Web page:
Your doctor’s bedside manner may depend on your weight. The less you weigh, the nicer your physician will be to you, and the more you weigh, well, let’s just say your doctor won’t necessarily be meaner, just less nice.
In a new study published by medical journal Obesity, researchers at Johns Hopkins University gained permission to record the discussions between 39 primary care physicians and more than 200 patients, all of whom had high blood pressure.
Of those patients, 28 patients weighed normally (BMI of under 25), 60 were overweight (BMI between 25 and 30) and 120 were classified as obese (BMI of 30 or greater).
While there were no differences in time spent between the doctors and the patients, when it came to the transcriptions of the patient-doctor interactions, researchers noticed that, indeed, doctors are nicer to patients who are thin or have normal weight.
But the lead author of the study, Dr. Kimberly A. Gudzune, assistant professor of general internal medicine at Johns Hopkins School of Medicine, points out that the physicians were not “being overtly negative or harsh.”
Gudzune told the New York Times, “They were just not engaging patients in that rapport-building or making that emotional connection with the patient.”
She said that doctors were more encouraging of their thinner patients, saying things like “I’m glad you’re feeling better” to a patient who was having hot flashes and “That can be frustrating” when a patient was upset and complained about how long it took to get an appointment. Those types of comments were noticeably absent in the transcripts between doctors and heavier patients, Gudzune said.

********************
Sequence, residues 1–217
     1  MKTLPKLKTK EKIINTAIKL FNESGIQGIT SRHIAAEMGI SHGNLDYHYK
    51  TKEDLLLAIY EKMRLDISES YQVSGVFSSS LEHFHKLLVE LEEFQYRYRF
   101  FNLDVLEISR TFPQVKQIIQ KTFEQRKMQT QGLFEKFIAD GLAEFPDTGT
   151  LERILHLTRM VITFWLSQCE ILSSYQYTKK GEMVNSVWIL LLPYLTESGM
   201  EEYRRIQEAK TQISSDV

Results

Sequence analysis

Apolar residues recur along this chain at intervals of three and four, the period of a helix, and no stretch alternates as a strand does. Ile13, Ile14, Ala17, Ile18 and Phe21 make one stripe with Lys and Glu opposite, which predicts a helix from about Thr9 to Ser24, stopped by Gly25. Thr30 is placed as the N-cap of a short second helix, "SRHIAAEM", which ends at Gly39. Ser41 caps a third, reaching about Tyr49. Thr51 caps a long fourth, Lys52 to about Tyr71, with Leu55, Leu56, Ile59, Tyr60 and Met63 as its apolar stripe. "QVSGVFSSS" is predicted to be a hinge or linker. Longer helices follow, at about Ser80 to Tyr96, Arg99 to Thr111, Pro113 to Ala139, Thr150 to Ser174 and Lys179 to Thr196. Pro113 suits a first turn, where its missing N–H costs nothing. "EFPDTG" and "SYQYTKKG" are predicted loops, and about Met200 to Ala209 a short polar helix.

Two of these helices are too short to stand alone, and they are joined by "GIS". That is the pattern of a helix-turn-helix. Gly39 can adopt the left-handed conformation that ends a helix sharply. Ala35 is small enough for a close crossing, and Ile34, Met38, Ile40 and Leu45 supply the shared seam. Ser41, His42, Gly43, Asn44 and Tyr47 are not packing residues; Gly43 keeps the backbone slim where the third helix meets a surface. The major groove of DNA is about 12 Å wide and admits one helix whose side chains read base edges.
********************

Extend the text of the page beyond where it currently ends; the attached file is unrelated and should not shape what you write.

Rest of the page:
Another example was when a woman was feeling bad about a scar on her leg after having surgery on it, which forced her to wear ugly shoes.
“You went through a lot,” her doctor said to her, then continuing, “You still got great legs. Chunky shoes are still in. Get something pretty, something for spring. That always makes you feel good.”
And these comments have an effect on the patient. A doctor’s bedside manner correlates with how patients take care of themselves, according to other studies.
“When there is increased empathy by the doctor, patients are more likely to report they are satisfied with their care, and they are more likely to adhere to recommendations of physicians,” Gudzune said. “There is evidence to show that after visits with more empathy, patients have improved clinical outcomes, so patients with diabetes have better blood sugar control or cholesterol is better controlled.”
Dr. David Katz, director of the Yale-Griffin University Prevention Research Center, offered that doctors are people too and are subject to “prevailing influences in our culture.”
"If we want to banish obesity bias -- and we should -- we need to address it culture-wide,” Katz said. “Doctors will address this better when our culture addresses it better: with more understanding and an emphasis on what truly helps."
Katz noted that doctors are trained to deal with immediate medical problems that have specific solutions.
Have high blood pressure? Take this pill. Have itchy skin from an allergic reaction? Take this topical cream.
“When we can’t fix what is broken, we tend to behave badly,” he said.
And Katz stressed the importance of the patient-doctor relationship.
He added that if you can’t be honest with your doctor and how he or she is treating you, it’s time to find a new health care provider.